Lessing, R. Reed & Andrew E. Steinmann. Prepare the Way of the Lord: An Introduction to the Old Testament. St. Louis: Concordia Publishing House, 2014. Chapter 2 “The Origins of the Pentateuch” pp. 13-44.
Jews and Christians alike place the same five books at the start of the canon. The plot of Genesis through Deuteronomy is quite cohesive, but there have been many theories of multiple authors and extensive redaction (Lessing 2014, 13). Moses, historically recognized as the author, would have been well qualified to write the work. He was present at the time of the Exodus and would have had adequate education to write (Lessing 2014, 14). There are also passages in the Pentateuch strongly suggesting Moses as an author. The rest of the Old Testament frequently refers to Moses as the author of these books (Lessing 2014, 15). The New Testament also frequently refers to the Pentateuch as the work of Moses (Lessing 2014, 15). There are, however, certainly some passages which are apparently editorial insertions (Lessing 2014, 16), most notably the account of Moses’ burial at the end of Deuteronomy. Lessing also suggests a number of explanatory remarks which would not make much sense at the time of Moses but would at a later date (Lessing 2014, 17).
Lessing observes that there have been some groups at various times who have doubted Mosaic authorship (Lessing 2014, 19). He details a few in different locales and separated by several hundred years. Those seem very much like isolated incidents. In the Enlightenment period, however, more widespread and constant questions arose (Lessing 2014, 20). Influential writers were Thomas Hobbes, Benedict Spinoza, and Richard Simon. Following on their heels, Jean Astruc in 1753 suggested that the Pentateuch was compiled from four sources (Lessing 2014, 20). Astruc’s work was built on by Johan Gottfried Eichhorn, who, in 1780-83, divided Genesis and part of Exodus by their supposed sources (Lessing 2014, 21). This practice, known as “the Older Documentary Hypothesis,” sought to identify sources of the text (Lessing 2014, 21). As this view was growing strong, some scholars chose to seek smaller fragments and a stronger role of the later editor or redactor (Lessing 2014, 22). This view came to be known as the “Fragmentary Hypothesis.” It became popular at the very start of the 19th century. In the 1820s another view arose, the “Supplementary Hypothesis,” which considered the Pentateuch was originally one document which was augmented from other materials (Lessing 2014, 22). “In 1853 Hermann Hupfeld returned scholarship to a purely documentary approach to the composition of Genesis” (Lessing 2014, 23). He articulated a “New Documentary Hypothesis” with four sources. At the same time, other scholars, drawing on Hegel’s philosophy, saw the Scripture as a product of, rathe than a guide for, Israel’s state (Lessing 2014, 24). The synthesis was articulated by Wellhausen in the 1870s (Lessing 2014, 25). This became the classic formulation of the Documentary Hypothesis which was widely accepted by critical scholars by 1900 (Lessing 2014, 25). Lessing describes the theoretical development of the Old Testament in some detail.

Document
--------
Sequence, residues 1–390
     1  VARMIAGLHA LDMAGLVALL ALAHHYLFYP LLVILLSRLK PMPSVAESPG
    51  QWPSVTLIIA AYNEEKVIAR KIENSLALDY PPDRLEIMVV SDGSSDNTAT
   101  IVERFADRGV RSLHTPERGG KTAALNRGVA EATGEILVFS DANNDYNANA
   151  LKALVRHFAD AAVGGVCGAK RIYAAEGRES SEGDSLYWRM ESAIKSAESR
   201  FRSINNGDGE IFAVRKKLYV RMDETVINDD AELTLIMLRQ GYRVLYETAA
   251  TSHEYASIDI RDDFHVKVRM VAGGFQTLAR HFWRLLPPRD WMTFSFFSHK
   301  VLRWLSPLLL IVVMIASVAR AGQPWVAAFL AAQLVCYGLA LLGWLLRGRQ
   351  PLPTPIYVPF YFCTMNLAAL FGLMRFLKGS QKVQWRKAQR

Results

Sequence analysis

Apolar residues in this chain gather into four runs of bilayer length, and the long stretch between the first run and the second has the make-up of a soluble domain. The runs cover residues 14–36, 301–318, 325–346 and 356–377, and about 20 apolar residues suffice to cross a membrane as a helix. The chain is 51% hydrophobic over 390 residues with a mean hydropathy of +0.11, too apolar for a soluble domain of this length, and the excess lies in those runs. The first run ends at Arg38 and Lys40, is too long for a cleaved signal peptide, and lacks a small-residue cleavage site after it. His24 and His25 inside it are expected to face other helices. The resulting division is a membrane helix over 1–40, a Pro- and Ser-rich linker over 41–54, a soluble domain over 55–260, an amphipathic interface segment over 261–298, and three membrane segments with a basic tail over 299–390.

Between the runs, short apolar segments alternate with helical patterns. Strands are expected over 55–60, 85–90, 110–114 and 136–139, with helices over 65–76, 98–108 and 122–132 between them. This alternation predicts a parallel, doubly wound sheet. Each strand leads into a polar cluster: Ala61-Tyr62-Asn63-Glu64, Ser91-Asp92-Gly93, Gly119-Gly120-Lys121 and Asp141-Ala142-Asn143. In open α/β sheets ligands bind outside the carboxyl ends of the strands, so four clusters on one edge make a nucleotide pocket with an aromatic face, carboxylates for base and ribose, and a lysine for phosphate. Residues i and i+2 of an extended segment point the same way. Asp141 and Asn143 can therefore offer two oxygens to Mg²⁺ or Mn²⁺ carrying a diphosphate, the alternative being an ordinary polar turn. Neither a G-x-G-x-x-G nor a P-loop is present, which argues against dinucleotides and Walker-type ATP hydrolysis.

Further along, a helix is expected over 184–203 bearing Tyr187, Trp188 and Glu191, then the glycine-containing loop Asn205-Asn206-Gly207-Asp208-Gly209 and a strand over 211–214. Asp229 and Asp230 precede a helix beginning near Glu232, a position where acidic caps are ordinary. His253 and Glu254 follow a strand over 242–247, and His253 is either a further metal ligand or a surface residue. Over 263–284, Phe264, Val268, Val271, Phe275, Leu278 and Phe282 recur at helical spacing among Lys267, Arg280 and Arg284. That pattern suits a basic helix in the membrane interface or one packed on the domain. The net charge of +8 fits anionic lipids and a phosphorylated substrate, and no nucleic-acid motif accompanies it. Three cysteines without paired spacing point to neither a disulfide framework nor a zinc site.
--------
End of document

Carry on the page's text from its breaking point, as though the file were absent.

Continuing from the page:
The broad acceptance of the Documentary Hypothesis led scholars to attempt to understand the forms of literature behind the various sources later assembled to create the Old Testament. This practice, “Form Criticism,” came to prominence in the early 20th century (Lessing 2014, 27). A related discipline was Tradition Criticism, which seeks out groups of statements or ideas which may have originally belonged together (Lessing 2014, 28).
Not only does Lessing consider all these methods very speculative, but he observes they depend on a late date of final composition and tend to reject other explanations out of hand regardless of evidence (Lessing 2014, 30). Lessing then addresses weaknesses of specific hypotheses. In the last quarter of the 20th century the Documentary Hypothesis has largely been discredited (Lessing 2014, 34). Critical studies of the rhetoric and literary structures have largely overtaken the concerns of authorship (Lessing 2014, 35). The editorial work suggested by the Documentary Hypothesis is so thorough it appears no editor existed and that the works may have been cohesive from the start (Lessing 2014, 37). Lessing does not various recent supporters of the Documentary Hypothesis as well (Lessing 2014, 38). The work of cataloging various putative authors does continue.